A company had received an advance of Rs. 5 lakhs on 1-1202 for delivery of goods of Rs. 1.00 lakh for next 5 months starting from December 2002. The entry for delivery made in March 2003 is pending.

(D) Allocating Pre-paid Expenses (expenses incurred in advance) 1. A company has paid 6 months rent of Rs. 60000 on 1-1-03. The entry of rent expense for March 2003 is pending. 2. The company took insurance policy by paying premium of Rs. 48000 for the period 1-8-02 to 31-7-03. The entry for 1-8-02 to 31-3-03 is pending. (E) Computation of Cost of Goods Sold 1. A trading company had opening stock of Rs. 50,000 on 1-1-03. During Jan-Mar 2003, it purchased goods worth Rs. 200000. The closing stock on 31-3-03 was Rs. 20000. Compute CGS and show all entries as on 31-3-03. 2. The following balances were found in various accounts as on 31-303 for a manufacturing company: Op. stock of raw materials (1-1-03) Op. stock of stores items (1-1-03) Purchase of r/m (Jan-Mar 03) Purchase of stores ( ) Factory wages (Jan-Mar 03) Factory rent ( ) Factory electricity ( ) Pollution Control Expenses ( ) Laboratory Expenses ( ) Closing stock of r/m (31-3-03) Closing stock of stores (31-3-03) Op. stock of finished goods (1-1-03) Closing stock of finished goods (31-3-03) 50000 15000 200000 25000 60000 6000 15000 12000 6000 20000 15000 20000 25000

Compute cost of goods manufactured and cost of goods sold for JanMar 2003. (F) Providing for Bad Debts

1. A company has an opening balance of Rs. 15000 as on 1-4-02 at the credit of provision for bad debts. It was a policy of providing for bad debts @ 2% of Debtors amount at the year-end. The year-end


balance in debtors account was Rs. 30 lakhs. Record the entry for provision for bad debts. 2. As on 31-3-03 the company found that it needed Rs. 25000 as provision for bad debts as per the policy. However, due to conservative attitude, the balance in this account had gone up to Rs. 35000. How would you rectify?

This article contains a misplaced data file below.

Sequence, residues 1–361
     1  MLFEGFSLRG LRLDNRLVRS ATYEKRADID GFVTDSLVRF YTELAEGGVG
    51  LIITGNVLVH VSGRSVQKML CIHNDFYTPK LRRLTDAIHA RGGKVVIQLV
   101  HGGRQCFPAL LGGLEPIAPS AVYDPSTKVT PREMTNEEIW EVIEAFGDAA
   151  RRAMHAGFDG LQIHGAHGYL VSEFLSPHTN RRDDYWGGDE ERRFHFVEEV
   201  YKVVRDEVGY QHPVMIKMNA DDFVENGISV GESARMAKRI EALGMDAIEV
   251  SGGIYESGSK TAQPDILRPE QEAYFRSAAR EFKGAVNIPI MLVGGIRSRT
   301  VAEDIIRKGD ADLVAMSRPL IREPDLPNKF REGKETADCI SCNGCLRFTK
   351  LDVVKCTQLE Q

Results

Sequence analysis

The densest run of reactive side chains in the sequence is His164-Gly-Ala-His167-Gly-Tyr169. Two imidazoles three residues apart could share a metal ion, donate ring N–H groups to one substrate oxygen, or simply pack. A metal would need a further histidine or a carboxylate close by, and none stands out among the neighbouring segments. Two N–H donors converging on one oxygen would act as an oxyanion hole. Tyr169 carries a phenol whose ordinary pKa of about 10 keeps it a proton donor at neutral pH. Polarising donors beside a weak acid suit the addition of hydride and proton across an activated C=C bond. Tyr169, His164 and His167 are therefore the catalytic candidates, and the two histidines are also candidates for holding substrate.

(G) Writing off Bad Debts 1. As on 31-3-03, a company had a provision of Rs. 5000 for bad debts. One of the customers whose outstanding was Rs. 2000 became insolvent and there was no hope to receive this amount. 2. As on 31-3-03, a company had a balance of Rs. 10000 in provision for bad debts, based on a specific policy. However, during the year, 3 customers having total outstanding of Rs. 12000 became defaulters and vanished. 3. A company had supplied goods worth Rs. 5000 to XYZ during financial year 2001-02. During the same year, XYZ expressed its inability to pay this amount and hence, the company had written off this amount on 31-3-02. But, XYZ revived its business in FY 200203 and decided to pay all its suppliers. Accordingly, XYZ paid Rs. 5000/- to this company on 31-3-03. What would be the entry in the books of this company? 4. Against the outstanding of Rs. 30000, a company received only Rs. 15000 and the balance was to be written off. No provision for bad debt was made earlier. (H) Amortising specific Assets 1. A business acquired a patent worth Rs. 20000 on 1-4-02 with the right to exploit it commercially for 5 years. Write the entry for 2002-03. (I) Providing for Depreciation 1. The Plant and machinery at cost was Rs. 40 lakhs and was depreciated @10% (SLM). The balance at the credit of Accumulated depreciation was Rs. 12 lakhs as on 1-4-02. Write the depreciation entry for 2002-03. What is the net block of P&M as on 31-3-03? 2. In the above example, if depreciation rate were 10% based on WDV, what would be your answers?